Legal Question in Real Estate Law in District of Columbia

When I purchased my home the surveyor said the brick wall seperating my property from my neighbors was soley mine. My neighbor constantly powerwashes it, has put about 30 nails in it to hold up shrubs on his side, causing a crack that I paid several hundred dollars to repair. Can I enter his property to remove the nails and patch them. He thinks it is wall, however, since my garage is farther east of the wall the surveyor explained if the wall was his the garage would be encroaching his property and it is not. I have walls on both sides of my property, my neighbor only has the one with me. He is unreasonable. Since my property sits about 4 ft higher then his I have all that dirt on my side. I really want to remove the nails. What can I do? He also comes around the wall and mows about 15 feet of my lawn. I don't want a confrontation, but what can I do? This week I caught him on a ladder leaning over the wall to trim my wisteria. I took down an old hemlock last year and his wife called the city, beacuse "I removed her shade". I don't want a legal battle, but if push comes to shove.......

Asked on 5/26/11, 5:12 pm

1 Answer from Attorneys

Phillip M. Cook Cook Legal Services, LLC

If I were in your shoes, I would take the following action:

1. Have a survey prepared by your surveyor. If you have already done so, double check to make sure what the surveyor is telling you actually matches up to what the survey depicts in terms of your property line.

2. If this were the first conversation you had with these folks, I would suggest doing it in person with the idea that it's less formal than preparing something in writing, they are your neighbors and you want to get off to a good start. In other words, I would tell you to play nice with them until they gave you a reason to not play nice.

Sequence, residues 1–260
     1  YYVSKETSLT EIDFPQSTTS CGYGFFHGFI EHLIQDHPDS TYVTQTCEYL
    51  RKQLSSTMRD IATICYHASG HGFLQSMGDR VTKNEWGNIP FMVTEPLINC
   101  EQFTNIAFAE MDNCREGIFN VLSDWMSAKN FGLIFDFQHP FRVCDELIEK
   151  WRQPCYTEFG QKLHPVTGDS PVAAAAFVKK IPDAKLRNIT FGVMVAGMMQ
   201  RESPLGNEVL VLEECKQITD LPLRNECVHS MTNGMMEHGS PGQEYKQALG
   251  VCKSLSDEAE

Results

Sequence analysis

The problem is that it already sounds like there is contention there. With that said, I would prepare (or even better, have your attorney prepare on law firm letterhead!!) a "cease and desist" letter, which basically instructs the neighbor to stop these actions. The letter would also state that you paid several hundred dollars to repair a crack in YOUR wall as a result of the nails. The letter would state that any additional repair as a result of the nails in your wall be his responsibility. The would also state that you intend to remove the nails in the wall, regardless of the consequences (his bushes falling down?). Finally, I would state that if I find him on my property again, or if he interferes with my use and enjoyment of the wall, or my removal of the nails, I will call the police for the trespass and pursue any civil rights I have.

3. Include a copy of the survey with your letter. Send the letter via overnight mail, certified mail, or some other method wherein you can track it and prove that it was received by the neighbor.

If your neighbor continues with these actions, I would hire an attorney immediately if you have not done so already. It may be necessary to go into court and ask a judge to issue an "injunction" against the neighbor. An "injunction" is a legal term that describes an order from a judge to stop doing something, in this case messing with your wall.

Best of luck.*****The above is for informational purposes only and does not create an attorney-client privilege.*****

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Answered on 5/29/11, 7:04 pm

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